Karl recounts that when Mick Mulvaney became acting chief of staff, he took senior White House staffers to Camp David for a weekend retreat. He recommended they read a 2011 book, “A First-Rate Madness: Uncovering the Links Between Leadership and Mental Illness,” by Nassir Ghaemi, director of the mood disorders program at Tufts Medical Center.

“This book argues that in at least one vitally important circumstance insanity produces good results and sanity is a problem,” Ghaemi writes in his introduction. “In times of crisis, we are better off being led by mentally ill leaders than by mentally normal ones.”

Abraham Lincoln and Winston Churchill had bouts with depression, and Gen. William Sherman suffered from paranoid delusions during the Civil War. But less mercurial leaders like Neville Chamberlain and Gen. George McClellan fared badly.

As Karl wrote, “The new acting chief of staff seemed to be saying President Trump was mentally ill — and that this was a good thing. The corollary to that theory: Don’t try to control the man in the Oval Office. What you think is madness is actually genius.”

In his book, Ghaemi said of people with mental disorder mania, “Decisions seem easy; no guilt, no doubt, just do it. The trouble is not in starting things, but in finishing them; with so much to do and little time, it’s easy to get distracted ... affairs are common; divorce is the norm. ... Mania is like a galloping horse. ... In Freudian terms, one might say that mania enhances the id, for better or worse.”

When Karl reached out to Ghaemi to ask how Trump would fit into his thesis, Ghaemi replied “perfectly,” noting that the president has “mild manic symptoms all the time.” Ghaemi also concedes in his book that extreme forms of mania can be highly disabling and dangerous.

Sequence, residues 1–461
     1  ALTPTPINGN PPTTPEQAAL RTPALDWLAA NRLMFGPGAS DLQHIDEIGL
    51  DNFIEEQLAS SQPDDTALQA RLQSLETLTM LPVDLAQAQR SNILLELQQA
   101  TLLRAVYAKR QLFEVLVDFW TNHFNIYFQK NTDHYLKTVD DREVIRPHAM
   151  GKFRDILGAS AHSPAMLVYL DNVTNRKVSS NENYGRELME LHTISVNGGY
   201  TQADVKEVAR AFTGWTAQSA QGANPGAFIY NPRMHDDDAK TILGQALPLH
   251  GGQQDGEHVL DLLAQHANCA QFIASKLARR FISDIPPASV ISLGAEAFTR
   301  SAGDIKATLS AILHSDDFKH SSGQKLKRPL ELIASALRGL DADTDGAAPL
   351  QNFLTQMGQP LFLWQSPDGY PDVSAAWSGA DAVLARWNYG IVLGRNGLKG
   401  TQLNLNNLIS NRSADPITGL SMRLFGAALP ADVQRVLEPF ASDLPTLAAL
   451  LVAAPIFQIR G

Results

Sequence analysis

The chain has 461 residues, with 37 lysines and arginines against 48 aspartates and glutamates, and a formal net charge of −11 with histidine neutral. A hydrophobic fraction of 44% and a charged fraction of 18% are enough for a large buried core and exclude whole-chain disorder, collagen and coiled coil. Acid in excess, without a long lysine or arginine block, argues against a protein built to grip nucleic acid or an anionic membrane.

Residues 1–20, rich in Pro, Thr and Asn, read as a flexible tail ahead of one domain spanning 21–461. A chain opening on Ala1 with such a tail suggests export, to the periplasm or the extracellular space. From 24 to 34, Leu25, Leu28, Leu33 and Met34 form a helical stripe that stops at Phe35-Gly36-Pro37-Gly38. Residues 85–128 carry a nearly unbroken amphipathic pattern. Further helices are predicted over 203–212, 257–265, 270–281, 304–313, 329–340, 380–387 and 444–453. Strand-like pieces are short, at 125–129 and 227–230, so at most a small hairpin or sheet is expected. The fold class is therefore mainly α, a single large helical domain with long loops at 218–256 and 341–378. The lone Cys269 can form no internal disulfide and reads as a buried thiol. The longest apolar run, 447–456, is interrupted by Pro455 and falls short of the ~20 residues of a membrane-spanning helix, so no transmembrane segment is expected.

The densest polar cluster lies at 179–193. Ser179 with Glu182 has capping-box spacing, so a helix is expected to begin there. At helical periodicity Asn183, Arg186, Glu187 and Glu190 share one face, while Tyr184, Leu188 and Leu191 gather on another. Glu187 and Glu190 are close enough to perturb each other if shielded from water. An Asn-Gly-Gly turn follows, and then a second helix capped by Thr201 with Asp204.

Trump is continuing his Panglossian handling of the coronavirus. “The tests are beautiful!” he said as he toured the Centers for Disease Control and Prevention on Friday evening, after a kerfuffle over delays in testing. “The tests are all perfect, like the letter was perfect, the transcription was perfect,” he added, referring to his communication with the president of Ukraine. “This is the highest-level test anywhere.”

“I like this stuff. I really get it,” he said, adding that maybe he should have become a scientist like his uncle, the “supergenius,” instead of running for president.

Meanwhile, the stock market is still freaking out, and financial angst is spreading from boardrooms to kitchen tables.

We can vividly see in this crisis how close to the surface Trump’s id is and how easily he cleaves to delusions. He personalizes everything so much that when things go bad, he can only see it as an attack on him by the forces out to get him.

He seems psychologically incapable of dealing with a virus that is complex and uncertain. The virus will be in every community and needs truth, honesty and intelligence — all absent from unstable Trump, who at his core is a frightened boy and pretender.

Maureen Dowd (CREDIT: The New York Times)

Maureen Dowd is a Pulitzer Prize winning Op-Ed columnist for The New York Times.